As for the stock market specifically:
Last week was anything but the summer doldrums. The old phrase is “It is an ill wind that blows no one any good.” Last week’s wind blew good news for both bulls and bears depending upon the day of the week. Overall, things turned out well for the bulls, with modest gains, except for a substantial gain for the Nasdaq Composite.
Both the S & P 500 and Nasdaq Composite closed the week at levels on their charts where they topped and fell back twice previously. Only time will tell in which direction we get a convincing break-out. What I can tell you is should the markets continue to rise, that would be a sign that demand is in control.
There was another bank failure over the weekend. I won’t get into the details, but the three bank failures this year caused a larger value of money to go poof than the entire roster of bank failures in 2008. The stock price of the failed bank this weekend was more than $147/share about a year ago. For anyone doubting my interpretations of technical analysis, I invite you to a private call where we can dissect the chart of the now failed bank. Suffice it to say, “someone” knew trouble was brewing back in January of 2022 with a sextuple bottom break at 190/share and then a trend-line break at 186. Now… poof. For those who may still wonder, this is a major reason I sell at trend line breaks.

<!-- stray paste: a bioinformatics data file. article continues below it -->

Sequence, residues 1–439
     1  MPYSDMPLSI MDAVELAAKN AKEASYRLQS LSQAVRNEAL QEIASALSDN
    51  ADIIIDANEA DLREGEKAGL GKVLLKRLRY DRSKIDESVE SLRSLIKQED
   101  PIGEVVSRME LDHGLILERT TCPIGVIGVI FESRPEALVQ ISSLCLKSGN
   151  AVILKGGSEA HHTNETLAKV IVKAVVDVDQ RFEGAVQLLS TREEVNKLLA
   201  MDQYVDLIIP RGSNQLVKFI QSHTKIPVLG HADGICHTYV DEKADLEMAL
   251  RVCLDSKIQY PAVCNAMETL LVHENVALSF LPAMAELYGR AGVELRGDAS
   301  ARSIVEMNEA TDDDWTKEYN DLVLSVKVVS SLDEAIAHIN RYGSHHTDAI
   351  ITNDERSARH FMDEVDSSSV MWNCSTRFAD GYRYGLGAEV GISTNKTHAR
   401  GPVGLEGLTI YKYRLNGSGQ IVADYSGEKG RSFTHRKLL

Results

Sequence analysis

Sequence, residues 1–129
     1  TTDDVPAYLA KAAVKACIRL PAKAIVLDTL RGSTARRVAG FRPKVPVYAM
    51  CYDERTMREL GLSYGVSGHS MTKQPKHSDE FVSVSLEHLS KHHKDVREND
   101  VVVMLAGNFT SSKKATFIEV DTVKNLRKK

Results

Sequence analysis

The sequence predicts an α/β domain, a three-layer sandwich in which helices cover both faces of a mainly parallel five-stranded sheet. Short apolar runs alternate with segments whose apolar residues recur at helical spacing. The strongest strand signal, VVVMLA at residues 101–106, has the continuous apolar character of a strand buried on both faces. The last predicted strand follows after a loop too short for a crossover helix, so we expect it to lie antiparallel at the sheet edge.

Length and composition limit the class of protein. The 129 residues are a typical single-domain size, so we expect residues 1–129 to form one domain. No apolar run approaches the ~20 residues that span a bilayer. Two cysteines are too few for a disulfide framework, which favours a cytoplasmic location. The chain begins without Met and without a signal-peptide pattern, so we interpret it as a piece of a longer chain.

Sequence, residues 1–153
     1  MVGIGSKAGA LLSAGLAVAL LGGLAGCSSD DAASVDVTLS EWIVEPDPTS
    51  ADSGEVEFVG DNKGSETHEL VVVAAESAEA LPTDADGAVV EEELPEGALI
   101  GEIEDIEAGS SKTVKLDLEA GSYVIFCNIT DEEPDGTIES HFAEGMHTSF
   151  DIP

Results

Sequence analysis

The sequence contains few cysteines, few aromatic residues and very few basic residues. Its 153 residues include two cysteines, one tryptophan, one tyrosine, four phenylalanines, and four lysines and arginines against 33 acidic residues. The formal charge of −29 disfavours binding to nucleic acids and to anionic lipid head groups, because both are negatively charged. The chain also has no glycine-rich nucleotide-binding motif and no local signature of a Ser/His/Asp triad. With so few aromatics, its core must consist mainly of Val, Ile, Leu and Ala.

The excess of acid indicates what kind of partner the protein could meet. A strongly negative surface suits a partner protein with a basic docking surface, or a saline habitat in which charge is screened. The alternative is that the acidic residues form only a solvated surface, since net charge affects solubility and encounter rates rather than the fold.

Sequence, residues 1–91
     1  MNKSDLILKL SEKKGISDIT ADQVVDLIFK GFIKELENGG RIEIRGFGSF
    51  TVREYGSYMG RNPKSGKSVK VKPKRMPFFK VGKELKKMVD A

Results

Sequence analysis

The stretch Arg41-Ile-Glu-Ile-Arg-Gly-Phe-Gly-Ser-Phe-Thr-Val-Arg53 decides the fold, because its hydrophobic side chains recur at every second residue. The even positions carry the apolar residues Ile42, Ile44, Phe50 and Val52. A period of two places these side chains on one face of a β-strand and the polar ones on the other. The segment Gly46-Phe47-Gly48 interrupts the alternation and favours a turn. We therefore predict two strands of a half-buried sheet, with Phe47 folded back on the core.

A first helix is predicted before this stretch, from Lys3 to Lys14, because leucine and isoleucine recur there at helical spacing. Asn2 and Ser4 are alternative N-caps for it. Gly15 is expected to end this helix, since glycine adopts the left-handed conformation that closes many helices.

We are in the height of quarterly earnings season. Long time readers know I put little weight in company earnings for investment decisions. That said, that doesn’t mean earnings can be ignored.
Earnings announcements can lead to large moves. To understate the obvious, when the stock has a large move up, we are happy. A large down movement causes agita.
The week ended with a net gain of sell signals. Each of the bullish percent indicators fell at least a percentage point. There were no changes of directions. Nothing changed overall, so we will keep the split condition of WEALTH ACCUMULATION for NYSE stocks, and WEALTH PRESERVATION for the OTC.
Remember, X’s mean OFFENSE or wealth accumulation, while O’s mean DEFENSE, or wealth preservation.
Below is where our indicators stand as of April 28, 2023 (Courtesy Dorsey, Wright, and Associates).
On a general note:
The Department of Commerce reported the US economy grew at an annualized rate of 1.1% for the 1st quarter. That was well below the anticipated rate of 2.0%. That growth rate corresponds with the recent numbers from the Treasury Department regarding tax collections being lower than this time in 2022. There wasn’t much explanation in the report I have, but it did say business investment declined substantially.
In a report from the Labor Department, Employment Cost Index for the first quarter rose at an annualized rate of 4.8%. In a related report from the Commerce Department, the Personal Consumption Expenditure measurement of inflation showed a rate of 4.2% in March. This was the slowest rise in that indicator since early 2022.
Finally, we had some good news from the real estate sector. The S & P Core Logic Case-Schiller Home Price Index saw a gain of 0.2% in February compared to January 2023. For the year ending in February, prices rose 2%.
As always, please contact me if you have any questions or want more information.